• Block text off if longer than 4 lines, no quotations.  

  • If you are not sure what you are writing is common knowledge, provide a citation.  

  • Some common knowledge is discipline specific. Can confer with us or colleagues when unsure.  

  • Any words or phrases taken verbatim without any changes must be enclosed in quotation marks.  

  • This must also include a citation next to it to show its origination.  

  • Some examples of this include copying a portion of text from a source and then only changing or inserting select words, then continuing to not give credit and not enclose in citations.  

  • Taking verbatim text and changing it should only include paraphrasing and summarizing.  


Please read through our recommendations and ethical writing guidelines and then go over a quick quiz on the topic to see how you did! We also have some case studies and practice writing exercises to practice learning about plagiarism.
Plagiarism Facts

A study recently completed by the National Science Foundation (NSF) in March of 2022 has compiled one of the most complete plagiarism reviews to date. This review has looked at 134 recent plagiarism cases ranging from 2007-2017. When surveyed, NSF found these responses to be the most common reasons for committing plagiarism:  

  1. Did not know what constitutes appropriate citation;  

  2. Thought they used appropriate citation when they did not;  

  3. Did not understand what kinds of text require citation;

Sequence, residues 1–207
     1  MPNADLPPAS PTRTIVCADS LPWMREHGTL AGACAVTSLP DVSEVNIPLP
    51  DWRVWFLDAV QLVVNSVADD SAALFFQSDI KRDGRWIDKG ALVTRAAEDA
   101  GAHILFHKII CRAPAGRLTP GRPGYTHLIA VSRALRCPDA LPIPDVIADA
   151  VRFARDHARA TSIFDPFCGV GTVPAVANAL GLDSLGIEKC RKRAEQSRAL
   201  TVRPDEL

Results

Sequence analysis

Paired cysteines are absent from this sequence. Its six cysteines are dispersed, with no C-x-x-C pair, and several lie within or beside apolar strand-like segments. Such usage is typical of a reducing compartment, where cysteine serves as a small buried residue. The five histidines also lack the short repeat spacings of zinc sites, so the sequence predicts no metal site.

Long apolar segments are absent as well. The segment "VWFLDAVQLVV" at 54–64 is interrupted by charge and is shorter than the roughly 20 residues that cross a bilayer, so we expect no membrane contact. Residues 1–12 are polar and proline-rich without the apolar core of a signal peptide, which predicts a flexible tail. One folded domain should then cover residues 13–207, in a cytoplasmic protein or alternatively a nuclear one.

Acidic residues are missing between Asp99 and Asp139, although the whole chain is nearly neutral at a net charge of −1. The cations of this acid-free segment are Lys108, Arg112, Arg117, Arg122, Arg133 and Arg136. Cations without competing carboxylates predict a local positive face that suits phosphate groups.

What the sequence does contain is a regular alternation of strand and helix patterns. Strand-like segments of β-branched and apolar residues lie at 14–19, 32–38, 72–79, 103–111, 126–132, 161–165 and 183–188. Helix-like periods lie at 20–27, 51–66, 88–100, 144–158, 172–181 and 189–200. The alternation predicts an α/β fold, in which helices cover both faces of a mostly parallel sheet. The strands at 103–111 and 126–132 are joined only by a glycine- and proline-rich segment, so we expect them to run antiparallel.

4. Considered appropriate citation less important in certain document sections;  

  5. Recklessly incorporated sources into drafts; and/or  

  6. Rushed through document preparation.  

Plagiarism can occur in grant applications as well as published work. From 2007 - 2017, NSF reported 170 research misconduct findings. 137/170 cases (81%) were plagiarism related. 61% of these cases involved junior academic positions. Generally, this has been associated with taking something that someone else created, and representing it as their own. Plagiarism can ultimately result in demotions, firing, degrees rescinded.  

Plagiarism can look different, depending on discipline.  


Take a look at the paragraph below. 

“Because the intracellular concentration of potassium ions is relatively high, potassium ions tend to diffuse out of the cell. This movement is driven by the concentration gradient for potassium ions. Similarly, the concentration gradient for sodium ions tends to promote their movement into the cell. However, the cell membrane is significantly more permeable to potassium ions than to sodium ions. As a result, potassium ions diffuse out of the cell faster than sodium ions enter the cytoplasm. The cell therefore experiences a net loss of positive charges, and as a result the interior of the cell membrane contains an excess of negative charges, primarily from negatively charged proteins.” (Martini & Bartholomew, 1997). (p. 204).

View the paraphrasing options below. Which of the three paraphrasing options do you think is most appropriate? 

Paraphrasing Examples

Because the intracellular concentration of potassium ions is _ high, potassium ions tend to diffuse out of the cell. This movement is triggered by the concentration gradient for potassium ions. Similarly, the concentration gradient for sodium ions tends to promote their movement into the cell. However, the cell membrane is much more permeable to potassium ions than to it is to sodium ions. As a result, potassium ions diffuse out of the cell more rapidly than sodium ions enter the cytoplasm. The cell therefore experiences a loss of positive charges, and as a result the interior of the cell membrane contains a surplus of negative charges, primarily from negatively charged proteins.1 (p. 204).